EverSafe Scam Watch

Protecting Your Financial Health

Double Whammy: First the Scam. Then the Tax.

A law passed by Congress in 2017 contained fine print that is now delivering a financial shock to victims of fraud. With little fanfare, it eliminated the tax deduction for people who lose money in scams, and that is costing victims even more money. In a July U.S. District Court decision, a judge ruled that a retired couple owed federal taxes on nearly $2 million stolen from them by their daughter, who is now serving a 25-year sentence.

While Judge Tom Barber found his own ruling “astonishingly” odd, he based it on language in the 2017 law. According to the Washington Post, that law included provisions that were designed to capture tax revenue in the aftermath of big tax cuts that 1040 Tax Formwere costing the U.S. Treasury billions of dollars. One section eliminated a tax deduction for theft – including scams. Other provisions eliminated deductions for money lost in earthquakes, fires and storms.

Under that law, the tax deduction that used to be helpful to scam victims will be reinstated after 2025, although some lawmakers now oppose doing so. In the meantime, however, its absence is proving costly – and shocking – to individuals who have suffered elder fraud and other scams.

The Post reported, for example, that a Maryland retiree now owes more than $200,000 to the Internal Revenue Service after she was scammed by a crook who pretended to be a government official. “IRS just milks the money,” she told the newspaper. “…There is no mercy for little old ladies.”

In another example, the newspaper featured the story of a former White House scientist who lost $655,000 in life savings to a global, online criminal ring – and was then slapped with a six-figure tax bill from the IRS. The scammers tricked her into believing they were protecting her savings from fraud. After gaining her trust, they proceeded to clean out her assets including her retirement account.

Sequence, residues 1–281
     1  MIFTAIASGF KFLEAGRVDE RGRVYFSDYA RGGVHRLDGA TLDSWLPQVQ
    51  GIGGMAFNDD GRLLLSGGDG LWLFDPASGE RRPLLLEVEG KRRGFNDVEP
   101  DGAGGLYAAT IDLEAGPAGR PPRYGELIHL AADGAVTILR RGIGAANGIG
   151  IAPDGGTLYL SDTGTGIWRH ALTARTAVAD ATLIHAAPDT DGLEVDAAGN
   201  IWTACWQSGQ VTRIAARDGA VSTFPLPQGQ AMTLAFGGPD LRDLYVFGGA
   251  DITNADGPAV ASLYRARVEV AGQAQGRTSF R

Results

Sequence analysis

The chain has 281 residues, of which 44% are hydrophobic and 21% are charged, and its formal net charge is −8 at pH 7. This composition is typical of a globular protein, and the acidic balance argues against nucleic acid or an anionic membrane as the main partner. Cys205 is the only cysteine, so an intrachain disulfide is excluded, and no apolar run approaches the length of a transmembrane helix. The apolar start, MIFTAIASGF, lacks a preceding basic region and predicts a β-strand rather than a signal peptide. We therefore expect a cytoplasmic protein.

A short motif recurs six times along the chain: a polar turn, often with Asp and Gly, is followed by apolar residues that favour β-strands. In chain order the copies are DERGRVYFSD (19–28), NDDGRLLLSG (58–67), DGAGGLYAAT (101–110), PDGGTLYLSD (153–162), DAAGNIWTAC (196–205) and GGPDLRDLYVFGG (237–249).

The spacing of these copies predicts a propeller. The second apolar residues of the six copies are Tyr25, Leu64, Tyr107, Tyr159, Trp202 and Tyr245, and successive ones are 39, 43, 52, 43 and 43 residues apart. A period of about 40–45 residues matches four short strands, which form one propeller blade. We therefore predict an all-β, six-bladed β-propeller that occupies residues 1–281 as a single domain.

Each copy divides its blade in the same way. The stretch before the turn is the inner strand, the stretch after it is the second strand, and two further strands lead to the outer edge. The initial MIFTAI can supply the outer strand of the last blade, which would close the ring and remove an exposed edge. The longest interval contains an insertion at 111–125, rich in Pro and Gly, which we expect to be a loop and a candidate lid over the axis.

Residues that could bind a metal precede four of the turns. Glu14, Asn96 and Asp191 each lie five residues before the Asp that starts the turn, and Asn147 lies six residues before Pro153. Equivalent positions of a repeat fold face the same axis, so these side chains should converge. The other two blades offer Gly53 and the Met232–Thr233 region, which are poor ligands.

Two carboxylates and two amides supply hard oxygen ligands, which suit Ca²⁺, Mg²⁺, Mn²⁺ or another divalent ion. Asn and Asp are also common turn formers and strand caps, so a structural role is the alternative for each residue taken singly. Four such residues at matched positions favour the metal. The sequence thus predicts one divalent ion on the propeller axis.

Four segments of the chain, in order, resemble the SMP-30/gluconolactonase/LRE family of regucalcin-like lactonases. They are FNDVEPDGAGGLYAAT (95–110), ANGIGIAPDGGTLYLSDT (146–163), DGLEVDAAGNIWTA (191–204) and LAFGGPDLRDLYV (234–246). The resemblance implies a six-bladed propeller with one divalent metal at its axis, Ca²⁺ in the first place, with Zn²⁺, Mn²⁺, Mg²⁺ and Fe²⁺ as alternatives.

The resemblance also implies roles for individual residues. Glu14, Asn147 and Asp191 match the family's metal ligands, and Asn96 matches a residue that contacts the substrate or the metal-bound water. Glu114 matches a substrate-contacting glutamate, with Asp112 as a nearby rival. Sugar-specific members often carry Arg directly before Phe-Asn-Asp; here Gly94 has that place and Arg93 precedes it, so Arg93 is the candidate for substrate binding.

Decades of savings went down the drain, severely harming her financial and emotional well-being. “I’m never going to stop feeling like it was my fault, because I made a stupid mistake, and I already paid a terrible price,” she  told the newspaper.

The former scientist is not alone in facing the double whammy of scams – and taxes on scams. According to the Washington Post, taxpayers claimed $3 billion in “personal theft and casualty loss deductions” before the 2017 law, but by 2020 the amount of those claims had shrunk to about $600 million.

Xfinity Reports Major Data Breach

Telecom giant Xfinity recently informed customers of a data breach exposing personal information of nearly 36 million customers. Users’ names, contacts, secret questions and answers, and the last four digits of Social Security numbers were potentially captured – all of which can be exploited in identity theft.

In response, parent company Comcast told customers to change their passwords and establish “two-factor or multi-factor authentication,” which requires online users to use at least two ways to identify themselves before they can enter a website. Xfinity SignComcast further advised customers who used the same password for Xfinity and for other, unrelated accounts, to change the password on their other accounts, as well.